4 examples of how a professional risk manager can help you prepare & outlast potentially detrimental situations

Two partners at a building supplies manufacturing company were exactly where they wanted to be. Their firm sold best-in-class building supplies at competitive prices. Profit margins were exactly where they should be. The firm had earned the trust of a dedicated client base. Suppliers had proven themselves to be conscientious and dependable. Key employees had embraced the company mission. 

Everything seemed to be under control. Yet, unfortunately, all risks are not under an insured’s immediate control, no matter how well they plan for the future. 

So, what could go wrong? Weather-related events will continue dislocating supply chains and creating havoc for construction and renovation businesses now and in the future. Regrettably, man-made events in the form of malicious cyber events are also rising, with no real end in sight. Meanwhile, disaffected individuals seem likely to continue perpetrating active shooter incidents in the future. And of course, a fire or explosion at a critical supplier’s factory can also set off a supply chain disruption in your business.

Because contingent risk from events will always be lurking, it is important for companies like the one started by the two high school buddies to work with professional risk managers, folks who may not be able to see around the corner, but at least can prepare you for what lurks there. It is professional risk managers’ everyday job to recognize and properly measure risk. They can effectively communicate the benefits of anticipating and planning for contingent events. They can also determine the best way to transfer contingent risk to insurance products.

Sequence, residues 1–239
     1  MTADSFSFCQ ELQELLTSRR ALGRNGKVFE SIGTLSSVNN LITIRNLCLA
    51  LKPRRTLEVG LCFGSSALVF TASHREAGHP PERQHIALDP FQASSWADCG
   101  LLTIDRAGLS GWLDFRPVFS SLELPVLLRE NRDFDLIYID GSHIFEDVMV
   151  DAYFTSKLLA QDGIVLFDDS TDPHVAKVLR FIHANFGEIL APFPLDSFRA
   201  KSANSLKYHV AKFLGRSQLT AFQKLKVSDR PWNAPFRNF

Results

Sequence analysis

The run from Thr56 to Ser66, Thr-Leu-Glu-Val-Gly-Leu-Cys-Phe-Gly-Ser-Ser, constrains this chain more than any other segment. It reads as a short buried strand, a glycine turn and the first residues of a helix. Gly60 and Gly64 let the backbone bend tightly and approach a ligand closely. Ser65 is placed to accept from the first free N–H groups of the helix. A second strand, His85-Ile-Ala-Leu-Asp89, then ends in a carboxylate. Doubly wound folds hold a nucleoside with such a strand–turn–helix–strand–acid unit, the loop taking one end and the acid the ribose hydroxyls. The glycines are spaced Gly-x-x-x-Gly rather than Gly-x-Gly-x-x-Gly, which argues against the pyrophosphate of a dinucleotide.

The following are a few potential contingent risks to look out for—and how a professional risk manager can provide valuable guidance before an event occurs.

1. Fire Damage

A fire races through a critical supplier’s plant, resulting in closure. By advising the insured about the importance of having multiple suppliers, the economic impact following such an event will be muted. It isn’t a matter of not trusting a valued supplier who appears able to meet your company’s every need; it is simply a matter of risk management. By doing the work up front, a company will have the option of calling upon multiple suppliers located in different geographic regions to help remove the risk from unwelcome surprises. It is about knowing your supply chain, and who has unused capacity and can support you in your hour of need.

2. Shortage of Materials

A weather-related event deprives a supplier of crucial raw materials. Although weather is famously unpredictable, it is reasonable to expect volatility at predictable times of the year, such as hurricane season on the Atlantic Coast. A professional risk manager will advise the insured to increase inventory prior to potentially volatile seasons, and to source multiple suppliers located in different weather theaters. The risk manager can also recommend the insured expresses his/her concerns to critical suppliers regarding potential weather events; requesting contingency plans. Simple measures performed before an unwelcome event occurs can often prove to be the most effective path to sound risk management.

3. Workplace Violence

As evidenced during recent terrorist events, such as the Boston Marathon bombing in 2013, disaffected individuals can bring all economic activity to a standstill following a “terrorist” event. Because insurance agents are trained risk managers, they can advise insureds regarding enlightened risk management. Is the client conducting contingency exercises with staff on a periodic basis? What if the office must remain closed for a number of days? Are business continuity and disaster recovery plans on file and practiced in a “tabletop” format? Are they accessible, and can they be executed from a remote location? Is there "Business Interruption" and "Extra Expense" coverage available in the event of a shutdown? 

4. Loss or Suspension of Client

A catastrophic event causes an insured’s largest client to suspend or even cease operations. A properly trained professional risk manager will also act as a business consultant to the insured. Although there is no insurance coverage against weighting a business too heavily towards one client, this does represent a clear case of business risk. A professional risk manager can seize this opportunity to advise the insured regarding the risk. The risk manager can also call on a network of professional business consultants to advise the insured regarding new business efforts.